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"Tickling trout is one activity where man takes pleasure in his or her power over nature." - Charlie Murphy

"...here comes the trout that must be caught with tickling." -  Twelfth Night (Shakespeare)


"I despair! There are no single women left. Those remaining are gay or mad." He sucked at his pint, swivelled on his barstool and turned to me again. "Married, gay or mad - they are all the women I meet these days. I tire of finding the wrong one, and please don't tell me 'there are plenty of fish in the sea'. It doesn't work, not any more."

I nodded. It was hard to argue the case. After all, I'd found the same for too long. I had wandered the highways and byways, seeking life, love and partnership and found this to be almost inviolable, immutable, writ by the cruel gods who were playing with my life. I'd once, long ago given up the battle, had ceased casting my rod into the murky waters of life to land the woman of my dreams. I knew exactly what he meant.

I sipped at my pint. It was good, so I sipped again. My companion attacked his as though a babe unweaned, and ordered another, raising his eyebrows at me in question. "Another?"

"Oh, no thanks, I'm meeting my fiancée soon." It was easy to say, so easy. I doubted he would find it as easy to hear.

"So you're a lucky man, eh?" He sucked down another draught, turned to me. "What's the secret?"

I thought for a moment. "It's not about trawling, nor about skillful angling. It's about patience. Like tickling trout."

He looked at me quizzically, and I knew I had some explaining to do.


The Facts of the Matter

Yes, this is for real. People do tickle trout. Allow me to explain. According to artist Charlie Murphy, "trout tickling [is] an apparently sensuous and extraordinary technique for catching fish which involves a hypnotic predation by seducation [sic]."

The practice goes back hundreds, if not thousands of years, and is probably the simplest method of catching fish. Well, simple in terms of tackle, at any rate. This would be a distinct advantage to one particular class of people, namely, poachers, for it meant they could stroll nonchalantly down a riverbank, unfettered by rods, lines or nets. The Lincolnshire Poacher would not want to be caught near the manor's river emburdened with nets and lines, the local constable would pick him out in a second.

Tickling trout (it doesn't have to be trout, but in the UK that's the popular choice of fish) requires no more equipment than most of us are equipped with, and a little perseverance.The method is simple. Find a river where the fish are plentiful, locate a point where they are likely to be feeding. Lie down quietly on the bank, with your arm in the water, and according to some, slowly move your fingers. At this point remember that your hand and arm will go numb, unless the water is warm.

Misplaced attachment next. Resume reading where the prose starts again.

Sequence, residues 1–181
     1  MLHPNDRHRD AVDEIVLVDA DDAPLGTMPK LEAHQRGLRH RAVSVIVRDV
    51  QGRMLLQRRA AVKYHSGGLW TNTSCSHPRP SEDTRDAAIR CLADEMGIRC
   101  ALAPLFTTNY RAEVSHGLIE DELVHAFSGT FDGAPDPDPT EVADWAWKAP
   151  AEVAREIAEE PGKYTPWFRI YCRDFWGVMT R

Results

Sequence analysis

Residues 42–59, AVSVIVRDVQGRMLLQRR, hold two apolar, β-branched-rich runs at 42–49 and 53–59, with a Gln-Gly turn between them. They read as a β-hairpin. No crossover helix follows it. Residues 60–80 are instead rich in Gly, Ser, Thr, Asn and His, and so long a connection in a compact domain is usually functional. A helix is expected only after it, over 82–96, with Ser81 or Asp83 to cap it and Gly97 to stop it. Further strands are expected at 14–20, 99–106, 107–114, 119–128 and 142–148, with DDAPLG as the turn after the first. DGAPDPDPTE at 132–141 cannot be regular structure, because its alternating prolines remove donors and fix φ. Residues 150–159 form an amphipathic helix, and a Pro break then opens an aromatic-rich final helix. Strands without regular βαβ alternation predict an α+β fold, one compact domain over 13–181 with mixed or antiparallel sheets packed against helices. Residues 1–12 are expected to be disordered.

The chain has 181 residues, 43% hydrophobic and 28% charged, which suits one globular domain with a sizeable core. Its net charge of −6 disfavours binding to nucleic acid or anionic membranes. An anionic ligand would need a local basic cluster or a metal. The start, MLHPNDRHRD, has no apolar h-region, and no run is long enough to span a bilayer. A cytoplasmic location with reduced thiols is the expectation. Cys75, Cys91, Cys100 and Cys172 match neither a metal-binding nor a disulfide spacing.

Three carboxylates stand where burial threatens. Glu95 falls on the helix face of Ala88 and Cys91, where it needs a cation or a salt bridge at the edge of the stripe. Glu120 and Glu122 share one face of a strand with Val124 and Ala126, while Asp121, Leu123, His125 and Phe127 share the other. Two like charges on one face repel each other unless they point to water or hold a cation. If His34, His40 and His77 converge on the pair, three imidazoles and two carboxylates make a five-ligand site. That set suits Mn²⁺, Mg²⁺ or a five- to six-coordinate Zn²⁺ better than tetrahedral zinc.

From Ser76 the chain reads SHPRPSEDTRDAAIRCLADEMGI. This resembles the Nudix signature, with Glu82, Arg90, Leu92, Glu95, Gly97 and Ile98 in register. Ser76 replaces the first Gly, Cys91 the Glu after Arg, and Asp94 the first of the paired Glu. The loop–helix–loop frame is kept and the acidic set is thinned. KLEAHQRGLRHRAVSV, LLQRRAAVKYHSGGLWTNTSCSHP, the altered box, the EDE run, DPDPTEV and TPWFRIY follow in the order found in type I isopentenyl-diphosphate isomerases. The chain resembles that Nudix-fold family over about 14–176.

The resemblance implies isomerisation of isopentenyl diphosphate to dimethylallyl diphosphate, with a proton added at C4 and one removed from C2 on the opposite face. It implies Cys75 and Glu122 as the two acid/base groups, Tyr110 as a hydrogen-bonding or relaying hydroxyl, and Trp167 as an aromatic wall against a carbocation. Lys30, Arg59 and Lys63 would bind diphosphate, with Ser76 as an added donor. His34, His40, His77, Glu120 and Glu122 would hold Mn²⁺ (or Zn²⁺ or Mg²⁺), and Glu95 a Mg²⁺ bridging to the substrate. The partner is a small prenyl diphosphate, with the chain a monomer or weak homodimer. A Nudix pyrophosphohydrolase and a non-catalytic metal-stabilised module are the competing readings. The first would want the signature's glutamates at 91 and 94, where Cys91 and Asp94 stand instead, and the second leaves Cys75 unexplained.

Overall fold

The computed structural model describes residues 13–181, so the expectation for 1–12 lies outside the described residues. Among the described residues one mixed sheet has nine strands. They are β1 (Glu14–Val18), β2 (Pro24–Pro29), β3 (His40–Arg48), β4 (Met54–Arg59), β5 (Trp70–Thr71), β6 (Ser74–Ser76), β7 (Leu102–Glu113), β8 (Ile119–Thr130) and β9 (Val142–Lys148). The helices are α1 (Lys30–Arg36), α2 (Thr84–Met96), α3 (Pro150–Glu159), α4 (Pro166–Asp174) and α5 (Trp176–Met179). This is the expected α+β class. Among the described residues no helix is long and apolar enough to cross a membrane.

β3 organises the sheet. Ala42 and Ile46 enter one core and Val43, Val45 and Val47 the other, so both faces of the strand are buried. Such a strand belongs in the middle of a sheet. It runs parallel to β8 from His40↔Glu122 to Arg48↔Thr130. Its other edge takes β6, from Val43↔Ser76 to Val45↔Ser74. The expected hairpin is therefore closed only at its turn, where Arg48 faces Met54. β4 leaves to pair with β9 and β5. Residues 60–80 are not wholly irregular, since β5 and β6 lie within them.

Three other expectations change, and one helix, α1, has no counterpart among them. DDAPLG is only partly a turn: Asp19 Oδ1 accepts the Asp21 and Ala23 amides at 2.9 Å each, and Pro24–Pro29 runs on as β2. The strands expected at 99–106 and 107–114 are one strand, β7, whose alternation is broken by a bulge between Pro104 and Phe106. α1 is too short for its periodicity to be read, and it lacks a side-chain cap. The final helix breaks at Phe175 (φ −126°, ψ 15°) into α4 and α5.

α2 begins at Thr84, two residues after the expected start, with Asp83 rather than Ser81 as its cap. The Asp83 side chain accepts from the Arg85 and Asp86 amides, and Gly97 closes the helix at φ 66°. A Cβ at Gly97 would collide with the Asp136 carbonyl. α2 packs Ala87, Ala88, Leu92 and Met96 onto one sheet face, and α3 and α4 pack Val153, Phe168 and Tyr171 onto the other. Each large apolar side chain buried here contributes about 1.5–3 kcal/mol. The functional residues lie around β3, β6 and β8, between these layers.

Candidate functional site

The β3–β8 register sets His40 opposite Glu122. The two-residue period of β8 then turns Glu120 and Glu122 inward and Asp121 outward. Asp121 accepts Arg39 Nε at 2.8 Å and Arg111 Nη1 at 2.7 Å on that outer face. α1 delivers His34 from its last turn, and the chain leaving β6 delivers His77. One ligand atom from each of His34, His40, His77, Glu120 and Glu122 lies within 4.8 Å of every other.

Now for the patience bit. You wait, and you watch. And you watch and wait, and sooner or later, a fish will swim close by. Now the game begins. You slowly, slowly move toward it, because unless you are lucky indeed, you are unlikely to find it in the palm of your hand. The trick is to get to the point where you can stroke the fish's belly, tickle it if you will. Once you have it in this position, a quick scoop and you land your fish. Observe the hunting bears - they use just this trick to catch fish, flipping them out with practiced ease, and the hunters and poachers of generations ago learned that patience is the key.

And in fact, it's not just trout. Other fish were considered fair game, as an account given by a medieval poacher shows:

"...for the great desire I had for a tench I laid me down on the bank and just with my hands quite simply, and without any other device, I caught that tench and carried it off..."

Ah, I hear you say, you'd need a great deal of luck! Well maybe so, and maybe not. As Arnold Palmer (or was it Gary Player?) once said "It's a funny thing, the more I practice the luckier I get". Now go, and practice, and all the best.

Finally, Giles de la Bédoyère said in his Playing a Poem:

Sometimes the sun-kissed shallows
Can harbour basking trout;
You simply slide your hand down,
Tickle, then lift one out.



aneurin's father used to tickle trout: "From what I can recall, it was as simple as sticking your hand in the water, waiting for a fish to come by, and scooping the bugger out"

http://www.artsway.org.uk/Charlie%20Murphy/
http://www.thisisthesouthwest.com/hampshire/forestandwaterside/news/FORESTANDWATERSIDE_NEWS_NEWS0.html
http://www.users.dircon.co.uk/~litrev/199805/poetrywinners.html
themanwho also tells me it's referred to in Danny, the Champion of the World. Thanks!

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